The UK Online Safety Bill

The UK Online Safety Bill

Privacy versus protection, weighing the legal and operational constraints.

The UK Online Safety Bill received its first reading in parliament on 17th March 2022.   That stage is purely a formal introduction of the Bill to the House of Commons.  Before the Bill becomes law it will be the subject of debate in the Commons and Lords.  It will also be scrutinised by Commons and Lords committees who have the power to make amendments.  Now is the time for interested parties to look at the proposed contents of the Bill and make their views known.

At present the Bill is 225 pages long and is unlikely to get much shorter.  The core aim is to protect children and other vulnerable users from exploitation online.  This is a laudable goal but in order to work must affect some of the ways businesses use the Internet.

Providers of user-to-user and search services will have a duty of care to protect users.   This will put liability on them should suitable protection measures not be in place.  It does not only apply to the big players such as Facebook or Google.  Any business providing some sort of service that allows users to contact each other or share data could be covered by the new law.  This would include web forums or chat agents commonly used for interaction with customers.  Few companies will be coding these from scratch but when an existing engine such as phpBB  (the web forum) or HelpScout  (the Live Chat engine) is in use the host will be responsible for its safe use.

The Internet is continually evolving.  By the time this act becomes law there might be new services in general use that could come under the user-to-user duty of care.  As a first step businesses should look at the services that they are currently using or considering adopting and ask those providers how they plan to act under the auspices of the new act.  It must be expected that a service provides suitable security to protect users while also having some system in place to monitor and report inappropriate content.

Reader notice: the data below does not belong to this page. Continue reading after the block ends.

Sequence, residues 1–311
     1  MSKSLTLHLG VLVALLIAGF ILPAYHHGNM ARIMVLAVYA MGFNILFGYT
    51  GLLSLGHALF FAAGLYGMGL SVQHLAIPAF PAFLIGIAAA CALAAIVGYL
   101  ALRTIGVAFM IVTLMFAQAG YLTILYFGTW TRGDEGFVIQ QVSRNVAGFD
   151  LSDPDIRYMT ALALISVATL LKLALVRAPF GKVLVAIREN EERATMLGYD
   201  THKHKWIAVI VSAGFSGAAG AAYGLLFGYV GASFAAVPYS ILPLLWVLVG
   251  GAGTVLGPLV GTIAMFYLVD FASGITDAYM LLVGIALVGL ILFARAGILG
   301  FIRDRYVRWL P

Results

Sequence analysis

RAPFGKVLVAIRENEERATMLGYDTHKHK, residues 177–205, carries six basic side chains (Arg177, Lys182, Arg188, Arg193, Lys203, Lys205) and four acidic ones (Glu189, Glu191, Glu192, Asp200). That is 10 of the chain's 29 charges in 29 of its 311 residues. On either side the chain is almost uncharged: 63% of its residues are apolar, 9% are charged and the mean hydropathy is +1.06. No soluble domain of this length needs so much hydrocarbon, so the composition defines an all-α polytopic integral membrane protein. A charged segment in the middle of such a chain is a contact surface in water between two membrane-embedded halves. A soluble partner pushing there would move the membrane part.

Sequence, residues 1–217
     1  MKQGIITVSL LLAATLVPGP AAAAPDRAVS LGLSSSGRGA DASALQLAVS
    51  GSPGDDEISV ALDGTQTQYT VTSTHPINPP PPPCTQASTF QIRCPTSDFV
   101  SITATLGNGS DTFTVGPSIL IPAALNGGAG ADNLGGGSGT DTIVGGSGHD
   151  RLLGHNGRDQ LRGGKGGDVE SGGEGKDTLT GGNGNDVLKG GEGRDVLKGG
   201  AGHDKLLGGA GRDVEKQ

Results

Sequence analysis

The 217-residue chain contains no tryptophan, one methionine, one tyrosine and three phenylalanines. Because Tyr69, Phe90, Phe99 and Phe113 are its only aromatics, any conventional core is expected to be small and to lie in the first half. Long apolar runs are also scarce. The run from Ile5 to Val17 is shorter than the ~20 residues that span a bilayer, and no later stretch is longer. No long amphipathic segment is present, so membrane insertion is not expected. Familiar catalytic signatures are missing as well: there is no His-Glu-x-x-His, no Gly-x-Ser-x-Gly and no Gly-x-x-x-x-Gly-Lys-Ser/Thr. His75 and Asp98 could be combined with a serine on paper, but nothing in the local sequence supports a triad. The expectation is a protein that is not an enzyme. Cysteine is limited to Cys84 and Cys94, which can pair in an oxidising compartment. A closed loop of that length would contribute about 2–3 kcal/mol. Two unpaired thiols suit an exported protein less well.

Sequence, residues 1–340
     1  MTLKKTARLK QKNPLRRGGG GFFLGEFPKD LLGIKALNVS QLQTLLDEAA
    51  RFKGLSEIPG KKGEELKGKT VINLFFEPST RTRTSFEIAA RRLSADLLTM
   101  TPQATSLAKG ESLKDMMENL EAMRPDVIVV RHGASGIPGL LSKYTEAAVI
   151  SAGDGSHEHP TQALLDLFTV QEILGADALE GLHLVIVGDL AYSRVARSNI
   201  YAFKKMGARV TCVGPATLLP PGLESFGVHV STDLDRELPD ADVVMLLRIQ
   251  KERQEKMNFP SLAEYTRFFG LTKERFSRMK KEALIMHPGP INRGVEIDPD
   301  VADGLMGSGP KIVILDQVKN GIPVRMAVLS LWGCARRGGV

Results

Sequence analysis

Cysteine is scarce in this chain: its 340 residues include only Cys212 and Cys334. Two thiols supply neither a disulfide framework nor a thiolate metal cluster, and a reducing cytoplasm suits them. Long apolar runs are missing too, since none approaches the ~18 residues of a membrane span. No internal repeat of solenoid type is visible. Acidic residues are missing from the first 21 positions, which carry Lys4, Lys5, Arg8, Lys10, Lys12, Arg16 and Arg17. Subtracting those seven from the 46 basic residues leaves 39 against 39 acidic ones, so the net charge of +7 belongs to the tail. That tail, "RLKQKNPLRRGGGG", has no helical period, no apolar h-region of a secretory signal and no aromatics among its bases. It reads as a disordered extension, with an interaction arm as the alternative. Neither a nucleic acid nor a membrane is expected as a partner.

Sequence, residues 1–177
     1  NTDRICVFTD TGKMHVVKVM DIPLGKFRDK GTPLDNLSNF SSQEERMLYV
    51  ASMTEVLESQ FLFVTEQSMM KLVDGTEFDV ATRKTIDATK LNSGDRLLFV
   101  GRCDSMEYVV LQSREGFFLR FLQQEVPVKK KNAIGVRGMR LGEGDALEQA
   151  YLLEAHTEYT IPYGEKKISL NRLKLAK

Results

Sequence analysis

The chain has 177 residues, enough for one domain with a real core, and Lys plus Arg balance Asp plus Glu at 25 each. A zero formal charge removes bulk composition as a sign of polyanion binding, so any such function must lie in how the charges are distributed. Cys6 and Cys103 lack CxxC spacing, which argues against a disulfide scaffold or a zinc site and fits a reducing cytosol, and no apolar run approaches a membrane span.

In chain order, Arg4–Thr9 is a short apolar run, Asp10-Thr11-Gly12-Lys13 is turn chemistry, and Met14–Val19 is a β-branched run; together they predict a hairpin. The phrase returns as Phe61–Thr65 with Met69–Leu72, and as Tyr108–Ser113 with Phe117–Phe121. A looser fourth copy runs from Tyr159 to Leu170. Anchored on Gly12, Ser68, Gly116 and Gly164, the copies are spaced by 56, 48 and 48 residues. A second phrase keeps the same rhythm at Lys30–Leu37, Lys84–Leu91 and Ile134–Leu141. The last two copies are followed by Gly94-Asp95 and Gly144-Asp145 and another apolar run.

Users need to ensure that any services they are responsible for do not become engines for the transmission or storage of potentially harmful material.  Procedures for this should already be in place.  A simple example would be the moderation of comments on a webpage.  Messages are usually held before they are published and obvious Spam can be automatically filtered.  A human administrator will be looking at all comments, deleting the Spam and only publishing comments that are for the good of the business.  An unmoderated comment system with no Spam filter could quickly be taken over for just about any purpose and the site operator is liable.

The Online Safety Bill has caused some debate on the issue of privacy versus protection.  The UK government backed ‘No Place to Hide’ campaign aims to prevent social media companies from enforcing end to end encryption on their communication channels.  End to end encryption is already the default on platforms such as WhatsApp, Teams and Zoom.  Others such as Facebook Messenger are planning to make the service the default.   The core of the conflict is between the rights of personal privacy and the duty of care to protect the vulnerable.  The hint is that anyone who needs to encrypt conversations must have something to hide.

If end to end encryption is not in place a content provider can monitor traffic to highlight signs of illicit activity and further investigate this traffic.  A police body could require the provider to divulge evidence of illegal activity.  This will make it easier to comply with the Online Safety Bill but requires that records of such activity are kept and as with any computer files these would be vulnerable to a data breach.


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